The Organisation Undoing Tax Abuse (Outa) raised concerns that traffic police could extort motorists who had applied to renew their licence, but hadn’t received it yet due to the backlog.

“If there is no further extension, millions of South Africans will be forced to operate a vehicle on a public road with an expired driver’s license card and may run the risk of being issued a traffic fine of up to R2 000,” Outa said.

“Outa contends that issuing a fine under the above circumstances is unlawful and that the motorist has a defence if ever prosecuted.”

Outa’s executive director for accountability, Stefanie Fick, recommended that motorists document their dealings with the authorities to avoid such fines.

“A driver must always keep a record of his or her interactions with the authorities. Keep a detailed record (date, time and places) of all your attempts to obtain a new driver’s license card and, where possible, take photos and voice recordings of events,” she said.

Mbalula has reaffirmed that his department was working on a new driving licence card on several occasions. However, the new card system pilot has been delayed until October 2023.

 

By The Bharat Express News

New data from Microsoft shows a clear shift in South African work habits over the past year, as what employees expect from work and what they are willing to give back has changed dramatically.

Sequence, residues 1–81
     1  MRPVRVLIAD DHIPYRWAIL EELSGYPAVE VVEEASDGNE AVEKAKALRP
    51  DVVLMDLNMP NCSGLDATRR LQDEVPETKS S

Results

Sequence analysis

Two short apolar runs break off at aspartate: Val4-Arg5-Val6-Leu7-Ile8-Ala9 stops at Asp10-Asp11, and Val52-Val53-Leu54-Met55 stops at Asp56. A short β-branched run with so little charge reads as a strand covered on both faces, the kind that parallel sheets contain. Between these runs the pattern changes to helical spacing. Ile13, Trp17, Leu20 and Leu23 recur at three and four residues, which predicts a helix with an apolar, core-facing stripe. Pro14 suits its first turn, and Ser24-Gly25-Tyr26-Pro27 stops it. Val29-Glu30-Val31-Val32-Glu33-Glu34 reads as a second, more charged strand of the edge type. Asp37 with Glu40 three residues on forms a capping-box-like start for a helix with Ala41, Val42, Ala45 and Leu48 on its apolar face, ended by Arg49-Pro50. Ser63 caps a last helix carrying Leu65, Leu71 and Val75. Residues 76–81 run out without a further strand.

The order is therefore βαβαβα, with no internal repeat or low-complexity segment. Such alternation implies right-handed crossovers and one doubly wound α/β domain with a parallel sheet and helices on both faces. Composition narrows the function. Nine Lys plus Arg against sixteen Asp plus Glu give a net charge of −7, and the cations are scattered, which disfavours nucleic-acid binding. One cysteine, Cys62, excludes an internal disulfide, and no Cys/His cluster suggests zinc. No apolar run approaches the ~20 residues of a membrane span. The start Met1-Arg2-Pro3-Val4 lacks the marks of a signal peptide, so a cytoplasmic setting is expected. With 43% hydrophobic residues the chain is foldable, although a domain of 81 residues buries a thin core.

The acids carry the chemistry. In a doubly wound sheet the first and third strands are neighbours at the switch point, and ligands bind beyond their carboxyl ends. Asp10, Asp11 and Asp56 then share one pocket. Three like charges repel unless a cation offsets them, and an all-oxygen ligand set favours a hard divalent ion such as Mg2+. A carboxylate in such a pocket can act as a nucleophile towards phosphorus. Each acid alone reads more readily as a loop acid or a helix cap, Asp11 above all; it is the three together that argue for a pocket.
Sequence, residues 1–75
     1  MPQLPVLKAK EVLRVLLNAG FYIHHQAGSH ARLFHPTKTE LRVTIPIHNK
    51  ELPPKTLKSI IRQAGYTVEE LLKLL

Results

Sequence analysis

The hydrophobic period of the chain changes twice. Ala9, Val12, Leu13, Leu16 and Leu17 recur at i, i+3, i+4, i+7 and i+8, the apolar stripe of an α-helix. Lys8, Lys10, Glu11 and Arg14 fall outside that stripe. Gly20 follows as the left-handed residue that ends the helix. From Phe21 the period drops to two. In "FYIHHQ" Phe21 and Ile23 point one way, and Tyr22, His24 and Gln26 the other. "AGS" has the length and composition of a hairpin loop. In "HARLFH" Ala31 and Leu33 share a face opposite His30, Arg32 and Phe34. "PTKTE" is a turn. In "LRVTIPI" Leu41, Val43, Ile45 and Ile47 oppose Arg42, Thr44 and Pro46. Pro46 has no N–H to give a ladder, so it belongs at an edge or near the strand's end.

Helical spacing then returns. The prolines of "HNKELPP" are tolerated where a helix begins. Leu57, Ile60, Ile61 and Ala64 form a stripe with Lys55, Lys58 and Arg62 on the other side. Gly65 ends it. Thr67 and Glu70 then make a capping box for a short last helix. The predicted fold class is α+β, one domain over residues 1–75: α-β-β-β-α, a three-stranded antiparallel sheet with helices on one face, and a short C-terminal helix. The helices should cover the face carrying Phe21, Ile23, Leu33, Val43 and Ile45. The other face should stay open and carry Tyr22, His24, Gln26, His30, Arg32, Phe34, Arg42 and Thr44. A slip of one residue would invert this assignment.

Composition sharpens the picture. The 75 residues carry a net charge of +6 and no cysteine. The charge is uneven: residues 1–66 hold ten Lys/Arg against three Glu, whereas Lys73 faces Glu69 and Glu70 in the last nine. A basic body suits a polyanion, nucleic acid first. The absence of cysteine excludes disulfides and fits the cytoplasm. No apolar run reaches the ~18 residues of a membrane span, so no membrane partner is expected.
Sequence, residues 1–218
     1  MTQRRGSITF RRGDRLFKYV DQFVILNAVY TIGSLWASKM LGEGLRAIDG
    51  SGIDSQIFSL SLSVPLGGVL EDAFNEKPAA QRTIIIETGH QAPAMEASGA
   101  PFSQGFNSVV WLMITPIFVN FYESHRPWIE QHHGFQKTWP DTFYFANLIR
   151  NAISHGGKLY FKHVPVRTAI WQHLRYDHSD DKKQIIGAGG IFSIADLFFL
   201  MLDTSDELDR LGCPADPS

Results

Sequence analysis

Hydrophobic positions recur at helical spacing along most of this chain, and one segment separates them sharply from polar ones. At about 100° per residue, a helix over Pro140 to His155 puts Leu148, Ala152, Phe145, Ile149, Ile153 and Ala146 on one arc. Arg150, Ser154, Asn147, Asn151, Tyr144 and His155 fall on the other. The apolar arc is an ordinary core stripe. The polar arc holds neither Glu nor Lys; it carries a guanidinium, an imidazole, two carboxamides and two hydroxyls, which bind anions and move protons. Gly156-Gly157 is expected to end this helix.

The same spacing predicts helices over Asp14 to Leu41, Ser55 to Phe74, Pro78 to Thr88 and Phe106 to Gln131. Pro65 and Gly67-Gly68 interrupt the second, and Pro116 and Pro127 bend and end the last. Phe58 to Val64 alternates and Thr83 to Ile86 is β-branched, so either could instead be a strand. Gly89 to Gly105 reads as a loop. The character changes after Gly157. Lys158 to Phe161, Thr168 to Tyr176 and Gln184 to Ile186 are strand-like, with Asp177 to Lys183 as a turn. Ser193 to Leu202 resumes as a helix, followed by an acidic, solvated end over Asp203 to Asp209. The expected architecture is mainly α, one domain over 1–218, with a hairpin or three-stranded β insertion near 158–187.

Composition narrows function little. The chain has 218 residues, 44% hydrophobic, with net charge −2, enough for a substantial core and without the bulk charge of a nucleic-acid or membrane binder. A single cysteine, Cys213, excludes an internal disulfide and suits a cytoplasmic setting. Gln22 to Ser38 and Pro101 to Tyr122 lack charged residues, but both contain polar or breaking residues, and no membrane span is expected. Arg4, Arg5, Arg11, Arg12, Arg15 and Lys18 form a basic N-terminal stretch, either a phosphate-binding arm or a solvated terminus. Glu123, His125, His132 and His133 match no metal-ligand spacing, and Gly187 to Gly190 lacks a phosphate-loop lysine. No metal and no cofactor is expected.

“We are simply not the same people who returned home to work at the start of 2020. Employees in South Africa are rethinking what they expect from work and voting with their feet when these new expectations are not met.

“The challenge facing every organisation is to adapt to changing employee priorities while balancing business outcomes in an unpredictable economy,” says Colin Erasmus, director of modern workplace and security at Microsoft South Africa.

Microsoft data shows four key labor trends in South Africa right now.

It’s not worth coming to the office

While most employees in South Africa are supportive of the idea of ​​a hybrid working model, data shows that people are generally unsure when to come to the office and why. Many employees also find the commute unnecessary and prefer to spend valuable time with family.

ALSO READ Suspect arrested for allegedly stealing diesel in Eastern Cape after paying with fraudulent card
“That means leaders face a key challenge – make the office worth the trip. The data reveals, however, that few companies around the world have created new team norms, such as hybrid work meeting etiquette, to ensure time spent together is intentional.